Marine plastic is a subject that is close to my heart. My father explored the world for 50 years and documented the health of marine life. Diving into his work, I have seen how the world has changed since his days. Climate change, overfishing, pollution and last, but far from least, land reclamations and coastal constructions, are devastating marine life worldwide.
Subsidies, in particular subsidies for oil, of which plastic is a product, are fueling many of these global threats. Our taxes are meant, among other things, to help mitigate the externalities of our consumerist societies, not to accelerate a cycle of blind destruction of nature, of which we are all witnesses today.
The Mediterranean is a closed sea, and as such represents an accelerated model of what may happen in the rest of the ocean. Here in Europe we have an opportunity to demonstrate sustainable practices to the rest of the world.
The ocean provides many services to us. The organisms that live beyond our sight maintain the delicate physical, chemical and biological balances that keep us alive, regulating carbon, feeding hundreds of millions of people, and even producing more than half of the oxygen we breathe.
Plastic has empowered our civilization for a century and continues to provide immense benefits to mankind. But the convenience brought by disposable plastic is poisoning nature and us. And it has to stop. Should the convenience stop? Should the disposable plastic stop? Should the poisoning stop? Education and awareness raising, improvements in product lifecycle and design, and infrastructure adaptations can all help to solve the problem.
Today plastic is present everywhere in the world, from the polar ice sheets to deep sea hydrothermal vents. I have dived all around the world for the past 10 years, and I have yet to complete a single dive without encountering plastic pollution in some form.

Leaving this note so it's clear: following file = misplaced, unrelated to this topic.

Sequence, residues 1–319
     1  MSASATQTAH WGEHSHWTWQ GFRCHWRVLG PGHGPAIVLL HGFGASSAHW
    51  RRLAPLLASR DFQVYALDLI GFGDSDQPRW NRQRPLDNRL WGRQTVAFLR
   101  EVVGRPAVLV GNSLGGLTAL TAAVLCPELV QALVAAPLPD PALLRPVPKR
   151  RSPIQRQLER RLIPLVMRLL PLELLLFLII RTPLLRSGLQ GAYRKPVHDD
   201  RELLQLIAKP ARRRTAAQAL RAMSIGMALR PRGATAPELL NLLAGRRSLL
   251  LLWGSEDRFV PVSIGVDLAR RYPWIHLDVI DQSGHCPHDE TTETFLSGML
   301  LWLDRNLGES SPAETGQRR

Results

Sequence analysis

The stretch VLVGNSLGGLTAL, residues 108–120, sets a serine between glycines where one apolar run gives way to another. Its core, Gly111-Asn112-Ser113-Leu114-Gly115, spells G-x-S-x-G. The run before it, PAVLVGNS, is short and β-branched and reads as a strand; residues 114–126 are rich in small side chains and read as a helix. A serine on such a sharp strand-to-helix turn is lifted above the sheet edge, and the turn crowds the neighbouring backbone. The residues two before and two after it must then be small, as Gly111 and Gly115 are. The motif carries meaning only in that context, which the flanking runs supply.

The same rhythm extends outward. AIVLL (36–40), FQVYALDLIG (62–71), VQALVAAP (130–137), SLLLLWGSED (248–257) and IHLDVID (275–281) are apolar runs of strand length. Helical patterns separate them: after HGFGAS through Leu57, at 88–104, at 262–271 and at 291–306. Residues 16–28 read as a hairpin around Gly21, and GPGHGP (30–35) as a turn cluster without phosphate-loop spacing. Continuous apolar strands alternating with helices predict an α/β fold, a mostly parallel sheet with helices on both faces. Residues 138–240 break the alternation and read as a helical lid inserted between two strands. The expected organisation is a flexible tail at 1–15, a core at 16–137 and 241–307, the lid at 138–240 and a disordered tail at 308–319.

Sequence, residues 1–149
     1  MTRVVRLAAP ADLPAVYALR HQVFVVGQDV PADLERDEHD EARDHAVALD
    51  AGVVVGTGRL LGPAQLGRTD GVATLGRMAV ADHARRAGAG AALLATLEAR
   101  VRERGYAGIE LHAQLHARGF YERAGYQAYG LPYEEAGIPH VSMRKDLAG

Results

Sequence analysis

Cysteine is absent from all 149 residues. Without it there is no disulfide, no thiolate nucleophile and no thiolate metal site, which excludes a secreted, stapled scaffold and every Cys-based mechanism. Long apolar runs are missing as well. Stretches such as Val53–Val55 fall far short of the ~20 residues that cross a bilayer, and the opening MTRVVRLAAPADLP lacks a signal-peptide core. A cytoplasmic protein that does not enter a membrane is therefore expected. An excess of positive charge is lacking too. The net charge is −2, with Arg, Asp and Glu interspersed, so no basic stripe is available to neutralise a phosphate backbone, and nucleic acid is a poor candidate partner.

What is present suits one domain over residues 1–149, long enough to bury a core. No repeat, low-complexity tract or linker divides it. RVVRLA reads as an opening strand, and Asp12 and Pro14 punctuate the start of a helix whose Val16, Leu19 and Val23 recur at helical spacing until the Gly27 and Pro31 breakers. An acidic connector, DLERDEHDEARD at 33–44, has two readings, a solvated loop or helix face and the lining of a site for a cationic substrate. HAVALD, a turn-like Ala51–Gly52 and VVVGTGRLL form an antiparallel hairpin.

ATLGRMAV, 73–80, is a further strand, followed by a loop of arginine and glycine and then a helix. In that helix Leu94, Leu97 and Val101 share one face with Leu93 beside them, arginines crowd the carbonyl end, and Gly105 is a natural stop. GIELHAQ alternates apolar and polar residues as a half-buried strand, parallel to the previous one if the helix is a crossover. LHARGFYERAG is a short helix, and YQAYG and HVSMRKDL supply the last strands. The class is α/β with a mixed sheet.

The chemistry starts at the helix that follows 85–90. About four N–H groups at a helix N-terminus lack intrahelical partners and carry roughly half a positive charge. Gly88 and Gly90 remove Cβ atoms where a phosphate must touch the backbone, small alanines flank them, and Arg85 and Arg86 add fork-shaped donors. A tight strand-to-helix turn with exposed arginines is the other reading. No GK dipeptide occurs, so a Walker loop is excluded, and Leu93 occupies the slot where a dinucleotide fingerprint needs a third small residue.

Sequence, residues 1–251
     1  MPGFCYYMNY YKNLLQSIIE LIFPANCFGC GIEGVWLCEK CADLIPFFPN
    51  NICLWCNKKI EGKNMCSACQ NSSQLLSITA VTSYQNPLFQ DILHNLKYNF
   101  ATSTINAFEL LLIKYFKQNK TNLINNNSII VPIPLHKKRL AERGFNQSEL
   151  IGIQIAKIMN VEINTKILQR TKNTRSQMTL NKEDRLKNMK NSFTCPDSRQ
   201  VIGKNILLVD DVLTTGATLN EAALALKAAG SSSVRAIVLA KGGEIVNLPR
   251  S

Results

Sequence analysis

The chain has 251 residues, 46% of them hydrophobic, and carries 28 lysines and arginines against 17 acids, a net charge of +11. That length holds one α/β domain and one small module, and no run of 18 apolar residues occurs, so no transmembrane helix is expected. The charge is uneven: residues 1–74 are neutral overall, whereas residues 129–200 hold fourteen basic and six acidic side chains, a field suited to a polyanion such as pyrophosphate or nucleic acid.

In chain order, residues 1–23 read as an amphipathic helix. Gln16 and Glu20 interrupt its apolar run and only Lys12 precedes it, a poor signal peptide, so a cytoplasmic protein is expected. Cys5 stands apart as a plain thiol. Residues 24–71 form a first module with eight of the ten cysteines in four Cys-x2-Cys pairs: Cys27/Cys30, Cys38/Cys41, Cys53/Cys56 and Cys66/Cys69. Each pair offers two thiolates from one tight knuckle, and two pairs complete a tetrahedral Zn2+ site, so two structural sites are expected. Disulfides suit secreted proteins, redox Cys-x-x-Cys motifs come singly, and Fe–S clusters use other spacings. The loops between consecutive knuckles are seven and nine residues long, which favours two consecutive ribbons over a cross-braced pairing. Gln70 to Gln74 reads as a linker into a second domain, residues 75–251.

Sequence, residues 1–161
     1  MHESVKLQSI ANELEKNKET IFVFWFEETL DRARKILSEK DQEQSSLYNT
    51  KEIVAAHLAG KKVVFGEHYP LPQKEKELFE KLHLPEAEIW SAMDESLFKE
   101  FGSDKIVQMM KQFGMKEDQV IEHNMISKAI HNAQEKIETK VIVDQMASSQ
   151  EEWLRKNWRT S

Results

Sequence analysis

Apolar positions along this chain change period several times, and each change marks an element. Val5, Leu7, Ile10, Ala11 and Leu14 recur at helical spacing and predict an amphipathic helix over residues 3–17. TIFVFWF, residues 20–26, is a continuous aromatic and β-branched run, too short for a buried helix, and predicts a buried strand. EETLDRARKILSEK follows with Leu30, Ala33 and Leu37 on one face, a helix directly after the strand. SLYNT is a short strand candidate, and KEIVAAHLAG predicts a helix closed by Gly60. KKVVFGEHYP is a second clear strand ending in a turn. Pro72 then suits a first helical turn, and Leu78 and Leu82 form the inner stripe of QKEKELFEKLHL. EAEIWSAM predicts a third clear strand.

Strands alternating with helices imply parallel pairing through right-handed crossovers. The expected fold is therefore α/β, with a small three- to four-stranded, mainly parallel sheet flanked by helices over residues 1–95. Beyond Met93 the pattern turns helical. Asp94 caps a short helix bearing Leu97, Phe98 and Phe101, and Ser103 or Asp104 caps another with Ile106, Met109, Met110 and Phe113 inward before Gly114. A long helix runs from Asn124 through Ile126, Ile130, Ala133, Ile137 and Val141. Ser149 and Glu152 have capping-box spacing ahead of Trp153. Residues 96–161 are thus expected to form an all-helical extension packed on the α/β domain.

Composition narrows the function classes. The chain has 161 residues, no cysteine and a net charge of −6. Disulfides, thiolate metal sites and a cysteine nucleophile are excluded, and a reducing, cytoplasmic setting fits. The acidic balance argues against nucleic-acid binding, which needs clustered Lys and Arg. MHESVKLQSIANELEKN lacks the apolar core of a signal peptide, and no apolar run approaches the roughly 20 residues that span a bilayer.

Two sandbar sharks near Haleiwa, Hawaii in September 2016 during the World Conservation Congress. One of the sharks has a fishing hook in its jaw. “Plastic pollution is but one of the many pollutions we inflict upon nature. We should strive to address the root causes of our externalities, deeply engrained in civilisation, rather than focus on applying bandages to symptomatic problems.”
Ocean clean-up operations are necessary and helpful but they will not solve the problem. Only 15% of marine plastics float, meaning the amount that they are able to catch will be limited. They allow us to “mine” discarded materials, thus reducing production of ‘virgin’ plastic, but products made from these recycled plastics can fray or break down, continuing a cycle whereby we pollute the oceans. Innovation can address part of this multi-faceted issue, with products designed to better resist wear and tear and with fewer toxic residues.
As plastic waste breaks apart and erodes, it entangles, poisons and suffocates wildlife. When it reaches microscopic particle size, it enters the food chain, bioaccumulating within animals and biomagnifying throughout the foodchain. Plastic is a lipid, just like cellular membranes, so it permeates right through the cell wall, disrupting normal cellular processes.
Swimming with sharks in Hawaii, I was in awe of these wonderful species. Some people are afraid of sharks. I’ll tell you what scares me much more: 30% of all commercially sold fish contain plastics in their gut. 30% of all oysters and mussels now contain little plastic pearls. And more staggeringly: microplastics were recently found in 80% of all the world’s tapwater.
In a recent report the IUCN studied the various origins of primary microplastics. One major takeaway is that in addition to the natural erosion of plastic waste in the ocean, we also release microplastics directly into the environment, which enter the food chain immediately! The main sources of this invisible contamination are surprising: tyres and textiles (sometimes made from “recycled” plastic), which fray due to mechanical and chemical erosion.
Archeological site of Santorini, Greece, 2017
This is a global issue of health and environmental safety. Recycling has a long way to go. Burning plastics creates a slew of new problems and adds to the other oil-related global issue of climate change. The slogan Reduce – Reuse – Recycle is currently broken, as re-used and recycled materials continue to release invisible plastic particles that we breathe in and eat. You and I, in our daily lives, can already have an impact by refusing single-use plastic.
This global problem is also a deeper reflection about packaging. During my last visit to Greece, I was impressed by the site of the 3500-year-old ash-preserved amphoras, which the ancient Greeks used to transport food. Throughout the ages, our storage systems have evolved to become what they are today: lighter and less perishable. With the unintended consequence of poisoning us and nature. Once more we must change.
This article is an adapted version of a speech I gave at the conference ‘Marine Plastics Need European Action’, organised by the IUCN European Regional Office and MEP Ricardo Serrão Santos in the European Parliament on 8 November 2017.
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